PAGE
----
I would have never believed what it is capable of and what it can endure! Stones hit the spokes and the lower part of the footboard hard like thousand times. I really did not want to damage it but it was just impossible. One way or another. What’s more, I lowered the height of the footboard for the final three days to spare my knee. The scooter suffered a lot of damage; its lower part looks as if it has been fighting in a war. I owe it much respect and gratitude. I did not believe that it would survive.
Don’t Believe in Miracles, Pin Your Faith on Them
It took 8 days and 5 hours to ride those 850 kilometres. My average speed was thus approximately 103 kilometres per day. At the beginning I used to sleep 3 hours, later 4 or 5. It is difficult to describe what I have gone through during the race. It is really hard to understand for those who have not experienced it personally. The hardest thing for me was to get out of the tent at 3.30am, since I went to sleep totally wet after midnight, put on my absolutely wet and cold clothes and set out into the rain, with hardly anything to eat and drink.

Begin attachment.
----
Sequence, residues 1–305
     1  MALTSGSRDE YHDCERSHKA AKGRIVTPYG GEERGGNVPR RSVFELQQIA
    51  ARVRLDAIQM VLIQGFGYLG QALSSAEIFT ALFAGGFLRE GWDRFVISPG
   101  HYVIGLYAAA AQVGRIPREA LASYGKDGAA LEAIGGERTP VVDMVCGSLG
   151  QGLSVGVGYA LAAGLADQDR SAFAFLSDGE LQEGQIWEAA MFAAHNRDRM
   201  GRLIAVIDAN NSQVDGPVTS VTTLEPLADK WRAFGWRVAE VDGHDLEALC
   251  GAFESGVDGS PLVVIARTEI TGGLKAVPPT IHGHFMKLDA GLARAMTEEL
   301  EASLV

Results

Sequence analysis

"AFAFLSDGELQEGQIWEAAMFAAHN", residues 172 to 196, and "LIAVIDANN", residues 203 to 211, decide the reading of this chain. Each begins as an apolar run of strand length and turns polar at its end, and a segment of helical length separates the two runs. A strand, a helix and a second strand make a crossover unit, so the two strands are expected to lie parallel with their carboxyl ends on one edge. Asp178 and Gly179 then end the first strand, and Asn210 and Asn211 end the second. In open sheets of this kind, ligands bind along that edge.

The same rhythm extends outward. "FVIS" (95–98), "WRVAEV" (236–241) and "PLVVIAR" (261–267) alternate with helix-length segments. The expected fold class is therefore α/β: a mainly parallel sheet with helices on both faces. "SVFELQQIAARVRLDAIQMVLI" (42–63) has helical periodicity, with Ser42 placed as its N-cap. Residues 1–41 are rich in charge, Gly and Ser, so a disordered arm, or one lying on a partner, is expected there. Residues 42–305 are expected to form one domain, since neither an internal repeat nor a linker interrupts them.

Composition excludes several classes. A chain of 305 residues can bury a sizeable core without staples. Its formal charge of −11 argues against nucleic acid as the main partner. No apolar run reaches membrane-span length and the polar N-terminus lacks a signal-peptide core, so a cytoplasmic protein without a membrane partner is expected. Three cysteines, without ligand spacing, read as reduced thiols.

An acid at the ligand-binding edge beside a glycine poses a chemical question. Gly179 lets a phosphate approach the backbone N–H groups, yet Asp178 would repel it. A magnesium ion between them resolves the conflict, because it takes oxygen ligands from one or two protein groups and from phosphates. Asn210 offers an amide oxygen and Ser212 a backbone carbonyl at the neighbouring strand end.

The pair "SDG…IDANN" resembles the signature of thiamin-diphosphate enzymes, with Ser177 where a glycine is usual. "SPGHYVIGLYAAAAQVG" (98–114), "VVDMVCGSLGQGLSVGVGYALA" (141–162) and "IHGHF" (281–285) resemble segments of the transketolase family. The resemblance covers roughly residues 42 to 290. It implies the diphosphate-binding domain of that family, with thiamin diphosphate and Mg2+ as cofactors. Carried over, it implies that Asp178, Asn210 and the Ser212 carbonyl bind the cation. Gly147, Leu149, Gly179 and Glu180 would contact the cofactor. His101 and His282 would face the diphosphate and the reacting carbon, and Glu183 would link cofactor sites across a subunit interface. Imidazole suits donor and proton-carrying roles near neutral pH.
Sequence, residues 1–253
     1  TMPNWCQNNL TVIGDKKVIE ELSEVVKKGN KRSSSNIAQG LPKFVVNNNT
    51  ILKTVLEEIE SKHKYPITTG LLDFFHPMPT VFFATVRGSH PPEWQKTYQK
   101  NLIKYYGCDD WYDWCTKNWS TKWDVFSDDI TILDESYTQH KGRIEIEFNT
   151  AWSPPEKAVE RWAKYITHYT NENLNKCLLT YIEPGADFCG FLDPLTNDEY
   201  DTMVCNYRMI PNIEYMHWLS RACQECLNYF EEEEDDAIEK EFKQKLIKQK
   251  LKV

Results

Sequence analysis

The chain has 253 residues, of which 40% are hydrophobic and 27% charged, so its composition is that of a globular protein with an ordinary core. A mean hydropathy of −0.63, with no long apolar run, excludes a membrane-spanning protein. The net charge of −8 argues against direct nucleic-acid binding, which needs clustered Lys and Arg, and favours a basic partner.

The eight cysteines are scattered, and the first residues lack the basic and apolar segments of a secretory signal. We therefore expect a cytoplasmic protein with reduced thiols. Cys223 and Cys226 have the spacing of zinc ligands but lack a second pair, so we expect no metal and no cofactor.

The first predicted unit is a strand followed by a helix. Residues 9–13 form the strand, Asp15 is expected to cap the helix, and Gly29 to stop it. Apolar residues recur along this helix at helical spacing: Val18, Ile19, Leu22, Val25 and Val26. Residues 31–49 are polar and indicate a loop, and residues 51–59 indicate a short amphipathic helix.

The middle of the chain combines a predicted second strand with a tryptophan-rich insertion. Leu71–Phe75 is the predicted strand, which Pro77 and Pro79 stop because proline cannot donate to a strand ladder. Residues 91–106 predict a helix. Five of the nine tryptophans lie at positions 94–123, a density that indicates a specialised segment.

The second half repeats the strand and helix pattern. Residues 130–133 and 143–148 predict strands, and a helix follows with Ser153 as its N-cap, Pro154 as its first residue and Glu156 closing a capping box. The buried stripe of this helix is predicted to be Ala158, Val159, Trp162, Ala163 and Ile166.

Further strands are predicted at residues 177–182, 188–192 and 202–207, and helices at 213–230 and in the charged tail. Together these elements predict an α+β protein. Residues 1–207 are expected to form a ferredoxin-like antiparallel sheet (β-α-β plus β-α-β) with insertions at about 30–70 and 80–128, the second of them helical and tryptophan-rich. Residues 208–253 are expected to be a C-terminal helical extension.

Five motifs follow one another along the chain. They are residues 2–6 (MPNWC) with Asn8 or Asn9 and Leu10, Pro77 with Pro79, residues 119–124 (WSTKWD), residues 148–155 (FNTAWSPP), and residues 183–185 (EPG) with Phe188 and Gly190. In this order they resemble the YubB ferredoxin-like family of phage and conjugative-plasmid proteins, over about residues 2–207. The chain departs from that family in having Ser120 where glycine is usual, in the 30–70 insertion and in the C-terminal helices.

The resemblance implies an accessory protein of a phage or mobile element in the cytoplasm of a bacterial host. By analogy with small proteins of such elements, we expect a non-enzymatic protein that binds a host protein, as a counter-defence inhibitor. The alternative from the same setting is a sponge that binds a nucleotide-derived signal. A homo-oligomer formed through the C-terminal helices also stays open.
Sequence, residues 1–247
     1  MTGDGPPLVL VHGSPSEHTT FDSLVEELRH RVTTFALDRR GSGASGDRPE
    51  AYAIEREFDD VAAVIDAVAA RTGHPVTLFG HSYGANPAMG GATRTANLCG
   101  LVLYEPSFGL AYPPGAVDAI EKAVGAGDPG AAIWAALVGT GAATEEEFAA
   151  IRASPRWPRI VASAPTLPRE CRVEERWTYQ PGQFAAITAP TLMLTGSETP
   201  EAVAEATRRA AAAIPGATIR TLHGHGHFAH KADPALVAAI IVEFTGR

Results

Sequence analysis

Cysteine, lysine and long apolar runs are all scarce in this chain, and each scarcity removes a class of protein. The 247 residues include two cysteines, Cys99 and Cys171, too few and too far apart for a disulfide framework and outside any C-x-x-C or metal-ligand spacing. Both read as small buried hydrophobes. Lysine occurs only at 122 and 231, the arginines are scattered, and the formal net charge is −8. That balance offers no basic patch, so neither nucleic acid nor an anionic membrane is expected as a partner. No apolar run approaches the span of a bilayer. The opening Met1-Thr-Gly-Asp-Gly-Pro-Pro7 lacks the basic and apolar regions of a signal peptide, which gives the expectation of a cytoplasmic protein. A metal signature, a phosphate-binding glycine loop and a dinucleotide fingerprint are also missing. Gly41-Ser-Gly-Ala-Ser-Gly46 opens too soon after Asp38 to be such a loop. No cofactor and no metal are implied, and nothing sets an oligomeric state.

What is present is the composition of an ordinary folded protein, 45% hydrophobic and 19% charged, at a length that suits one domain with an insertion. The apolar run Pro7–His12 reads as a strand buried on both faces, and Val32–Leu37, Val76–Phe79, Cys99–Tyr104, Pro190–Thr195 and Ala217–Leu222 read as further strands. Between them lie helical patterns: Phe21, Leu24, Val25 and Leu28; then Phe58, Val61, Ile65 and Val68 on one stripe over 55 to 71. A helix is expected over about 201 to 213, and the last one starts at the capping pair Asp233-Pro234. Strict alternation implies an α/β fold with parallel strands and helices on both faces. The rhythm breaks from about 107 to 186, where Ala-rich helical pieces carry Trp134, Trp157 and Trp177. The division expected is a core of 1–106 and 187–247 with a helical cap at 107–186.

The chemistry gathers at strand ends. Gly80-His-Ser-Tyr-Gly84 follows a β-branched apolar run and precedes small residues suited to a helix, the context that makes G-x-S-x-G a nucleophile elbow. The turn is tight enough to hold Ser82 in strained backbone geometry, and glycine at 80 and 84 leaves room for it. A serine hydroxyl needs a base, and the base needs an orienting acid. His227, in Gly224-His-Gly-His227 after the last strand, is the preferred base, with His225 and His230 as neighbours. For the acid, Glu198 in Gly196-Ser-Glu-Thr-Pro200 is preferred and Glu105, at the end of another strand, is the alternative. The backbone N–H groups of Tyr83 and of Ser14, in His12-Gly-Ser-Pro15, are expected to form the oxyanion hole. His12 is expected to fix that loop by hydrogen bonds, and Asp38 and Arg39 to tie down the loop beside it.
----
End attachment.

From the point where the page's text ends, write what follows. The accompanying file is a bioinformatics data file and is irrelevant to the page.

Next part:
I met a number of great people on the route, so I take this opportunity to greet the Dvořáks in Moldava, a guy with a backpack in Pec pod Sněžkou, Kuba Gsela and a great many others. Thanks a lot! And the pure nature, the stunning views! The feeling of absolute desperation, followed by a strong belief that everything would be fine in the end. That was the moment in which I realized that the motto of the founder of the race, Jan Kopka, which says: “Don’t believe in miracles, pin your faith in them.” was absolutely true.